Supreme Court Sides With Inmate Who Wants To Be Executed With Nitrogen Gas

Authored by Matthew Vadum via The Epoch Times (emphasis ours),

The Supreme Court sided on May 15 with a condemned man in Alabama who wants to be executed by nitrogen gas instead of lethal injection, refusing to set aside a stay of execution by lethal injection previously granted by the U.S. Court of Appeals for the 11th Circuit.

Attorney General of Alabama Steve Marshall speaks to members of the press after the oral argument of the Merrill v. Milligan case at the U.S. Supreme Court in Washington, D.C., on Oct. 4, 2022. (Alex Wong/Getty Images)

Justices Clarence Thomas and Samuel Alito dissented from the Supreme Court’s new unsigned order in Hamm v. Smith, court file 22-580. The court did not explain why it declined to grant the petition filed by the state.

Alabama was prepared to execute Kenneth Eugene Smith, 57, on Nov. 17, 2022, by lethal injection. But state officials struggled to gain adequate access to his veins before the death warrant expired.

Alabama has had problems with its lethal injection procedures. Last year, the state put executions on hold while it reviewed various difficulties it experienced in multiple cases when it tried to carry out lethal injections.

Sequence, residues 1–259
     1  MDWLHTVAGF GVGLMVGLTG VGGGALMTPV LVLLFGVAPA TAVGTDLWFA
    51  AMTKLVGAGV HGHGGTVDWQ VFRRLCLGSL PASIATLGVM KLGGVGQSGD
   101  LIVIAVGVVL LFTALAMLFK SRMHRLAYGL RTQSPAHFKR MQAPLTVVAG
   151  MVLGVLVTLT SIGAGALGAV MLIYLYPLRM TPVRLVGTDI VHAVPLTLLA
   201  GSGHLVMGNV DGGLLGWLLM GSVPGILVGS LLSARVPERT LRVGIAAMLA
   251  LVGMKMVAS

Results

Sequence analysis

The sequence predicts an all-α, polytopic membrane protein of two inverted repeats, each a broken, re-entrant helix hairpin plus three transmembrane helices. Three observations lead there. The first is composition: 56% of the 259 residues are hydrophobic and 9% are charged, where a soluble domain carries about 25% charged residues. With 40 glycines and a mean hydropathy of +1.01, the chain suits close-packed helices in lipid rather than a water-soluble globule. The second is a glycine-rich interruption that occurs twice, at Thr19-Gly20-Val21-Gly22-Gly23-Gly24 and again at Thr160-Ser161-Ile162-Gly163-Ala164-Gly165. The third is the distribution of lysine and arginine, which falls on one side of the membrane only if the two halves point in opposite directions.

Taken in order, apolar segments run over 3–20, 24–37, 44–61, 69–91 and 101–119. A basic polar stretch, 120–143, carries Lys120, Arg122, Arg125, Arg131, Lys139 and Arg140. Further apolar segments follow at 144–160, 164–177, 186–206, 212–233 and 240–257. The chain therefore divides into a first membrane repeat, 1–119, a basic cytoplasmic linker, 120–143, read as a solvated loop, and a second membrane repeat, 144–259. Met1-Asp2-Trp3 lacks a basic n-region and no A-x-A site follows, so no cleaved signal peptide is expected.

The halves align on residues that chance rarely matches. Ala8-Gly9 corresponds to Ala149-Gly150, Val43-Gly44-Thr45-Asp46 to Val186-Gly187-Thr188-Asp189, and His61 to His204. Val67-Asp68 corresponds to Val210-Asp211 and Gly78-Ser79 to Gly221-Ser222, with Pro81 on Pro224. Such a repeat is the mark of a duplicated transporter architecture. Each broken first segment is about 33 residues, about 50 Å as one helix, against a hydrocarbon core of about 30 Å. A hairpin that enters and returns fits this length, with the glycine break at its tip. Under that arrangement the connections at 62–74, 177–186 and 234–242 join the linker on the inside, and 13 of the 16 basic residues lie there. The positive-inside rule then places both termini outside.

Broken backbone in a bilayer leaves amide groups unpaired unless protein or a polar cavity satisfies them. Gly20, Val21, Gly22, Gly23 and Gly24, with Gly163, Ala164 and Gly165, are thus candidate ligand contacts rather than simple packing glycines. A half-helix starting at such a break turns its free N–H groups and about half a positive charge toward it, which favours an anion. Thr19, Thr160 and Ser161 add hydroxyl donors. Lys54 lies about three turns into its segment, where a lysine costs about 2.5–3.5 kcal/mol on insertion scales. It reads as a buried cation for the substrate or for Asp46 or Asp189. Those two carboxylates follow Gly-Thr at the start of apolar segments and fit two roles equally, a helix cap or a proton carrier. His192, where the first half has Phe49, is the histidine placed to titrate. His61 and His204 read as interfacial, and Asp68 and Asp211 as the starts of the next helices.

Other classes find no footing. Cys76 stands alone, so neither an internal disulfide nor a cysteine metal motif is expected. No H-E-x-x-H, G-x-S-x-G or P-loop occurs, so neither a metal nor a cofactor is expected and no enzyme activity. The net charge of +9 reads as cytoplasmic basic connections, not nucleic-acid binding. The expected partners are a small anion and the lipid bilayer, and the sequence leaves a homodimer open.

In November 2022, Republican Gov. Kay Ivey said the pause was needed “to make sure that we can successfully deliver that justice and that closure” for victims’ families. In February of this year, Ivey said the review was complete and called for executions to resume.

At the time, Department of Corrections Commissioner John Hamm said his agency added medical personnel and conducted trainings. “In addition, the Department has ordered and obtained new equipment that is now available for future executions,” he said, according to CNN.

Under new rules, courts will allow the governor to establish a time frame for the execution that state officials say “will make it harder for inmates to ‘run out the clock’ with last-minute appeals and requests for stays of execution.”

“As you know, this caused unnecessary deadline pressure for department personnel as courts issued orders late into the night in response to death-row inmates’ last minute legal challenges,” Hamm said.

Smith and an accomplice were convicted in the 1988 murder of Elizabeth Sennett. The two individuals were hired by the victim’s husband who had taken out a sizable insurance policy on his wife.

Kenneth Eugene Smith in an undated photo. (Alabama Department of Corrections via AP)

Smith claimed the attempted execution by lethal drugs was botched and went to court, arguing that he should be put to death by nitrogen hypoxia. That new method of execution has been approved by the Alabama legislature but protocols for carrying it out have not yet been finalized.

The 11th Circuit sided with Smith in the method-of-execution appeal, concluding he had “plausibly alleged that nitrogen hypoxia was a feasible, readily implemented alternative method of execution.”

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